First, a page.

Privacy—A Cryptoparty

DPL 2018 Tracks Oct 03, 2020

In this one day intensive, we will cover a range of subjects related to privacy and security. Despite the technical-sounding title (for me, “crypto” invokes visions of intense high level math, and people in basements writing code), this session will balance human concerns and non-technical steps alongside technical changes we can make in how we use our phones, computers, and other connected devices. We will also examine how we live and work online, and the privacy and security tradeoffs we are asked (or required) to make as part of our online lives.

The work we do in this intensive will be rooted in identifying risks, and identifying the amount of work we are willing to do to mitigate risk. In many cases, we are only as private and secure as our least private and secure friend, so we will also examine questions around what it means to simultaneously maintain our privacy while we maintain our social connections. These conversations will almost certainly run into questions around racism, bias, equity, and privilege, and how, in some cases, maintaining privacy is a manifestation of multiple types of privilege.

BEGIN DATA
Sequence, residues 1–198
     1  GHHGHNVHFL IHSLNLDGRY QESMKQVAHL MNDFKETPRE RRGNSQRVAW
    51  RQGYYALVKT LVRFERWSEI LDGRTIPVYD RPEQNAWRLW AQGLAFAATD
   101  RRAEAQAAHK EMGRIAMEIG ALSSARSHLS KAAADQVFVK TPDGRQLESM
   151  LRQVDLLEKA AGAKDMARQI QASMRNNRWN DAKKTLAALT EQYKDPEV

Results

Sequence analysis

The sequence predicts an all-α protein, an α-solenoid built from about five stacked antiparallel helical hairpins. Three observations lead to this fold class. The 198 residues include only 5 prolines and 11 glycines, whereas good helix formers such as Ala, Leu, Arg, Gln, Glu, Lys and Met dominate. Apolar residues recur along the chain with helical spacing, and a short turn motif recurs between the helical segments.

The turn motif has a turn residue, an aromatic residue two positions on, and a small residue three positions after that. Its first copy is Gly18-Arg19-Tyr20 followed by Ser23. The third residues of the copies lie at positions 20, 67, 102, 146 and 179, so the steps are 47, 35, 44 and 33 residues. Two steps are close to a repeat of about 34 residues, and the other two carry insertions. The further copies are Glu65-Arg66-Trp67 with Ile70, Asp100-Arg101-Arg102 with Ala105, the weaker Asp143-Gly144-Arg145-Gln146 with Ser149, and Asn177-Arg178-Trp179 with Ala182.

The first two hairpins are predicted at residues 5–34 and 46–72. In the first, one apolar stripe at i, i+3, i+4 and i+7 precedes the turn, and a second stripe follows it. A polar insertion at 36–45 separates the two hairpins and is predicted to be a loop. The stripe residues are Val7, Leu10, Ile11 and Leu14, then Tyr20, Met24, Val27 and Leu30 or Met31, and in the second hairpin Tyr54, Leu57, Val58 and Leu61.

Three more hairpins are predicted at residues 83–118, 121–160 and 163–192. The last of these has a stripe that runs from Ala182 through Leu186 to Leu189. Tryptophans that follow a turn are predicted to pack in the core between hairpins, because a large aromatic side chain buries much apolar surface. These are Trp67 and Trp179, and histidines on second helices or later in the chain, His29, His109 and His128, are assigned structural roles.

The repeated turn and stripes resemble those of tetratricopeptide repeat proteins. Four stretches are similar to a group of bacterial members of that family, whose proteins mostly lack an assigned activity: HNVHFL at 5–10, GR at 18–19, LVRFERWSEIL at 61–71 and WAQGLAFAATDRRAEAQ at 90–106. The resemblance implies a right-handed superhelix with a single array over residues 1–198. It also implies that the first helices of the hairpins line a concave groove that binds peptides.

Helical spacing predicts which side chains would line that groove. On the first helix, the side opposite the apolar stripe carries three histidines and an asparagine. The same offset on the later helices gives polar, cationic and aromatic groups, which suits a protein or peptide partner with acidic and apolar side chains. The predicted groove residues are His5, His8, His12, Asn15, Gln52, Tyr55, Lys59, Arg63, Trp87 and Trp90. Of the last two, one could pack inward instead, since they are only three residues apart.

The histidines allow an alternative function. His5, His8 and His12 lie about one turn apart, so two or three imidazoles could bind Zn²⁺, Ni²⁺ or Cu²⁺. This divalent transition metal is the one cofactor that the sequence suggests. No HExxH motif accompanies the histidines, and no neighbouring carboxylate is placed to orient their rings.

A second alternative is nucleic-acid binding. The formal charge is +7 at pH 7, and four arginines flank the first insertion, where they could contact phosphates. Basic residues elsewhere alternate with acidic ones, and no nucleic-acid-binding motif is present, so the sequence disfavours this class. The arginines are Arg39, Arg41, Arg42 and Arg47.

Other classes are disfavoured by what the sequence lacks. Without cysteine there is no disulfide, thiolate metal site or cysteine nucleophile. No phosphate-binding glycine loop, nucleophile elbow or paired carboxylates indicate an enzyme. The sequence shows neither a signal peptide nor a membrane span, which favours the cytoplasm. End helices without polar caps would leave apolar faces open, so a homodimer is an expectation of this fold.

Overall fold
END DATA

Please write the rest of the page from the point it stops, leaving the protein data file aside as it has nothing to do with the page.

At the end of this intensive, participants will have a roadmap of things they can do immediately, and steps they can take and maintain over time, to increase their personal and professional privacy and security. These practical, accessible steps will range from no-tech and free, to moderately technical, to fee-based services. In a connected world, many elements of our privacy are related to the practices of our friends and colleagues. In recognition of this, this intensive will also cover ways of communicating about privacy with people who need additional support.

Faculty

Bill Fitzgerald
Bill Fitzgerald is a technologist, privacy advocate, and open education advocate.
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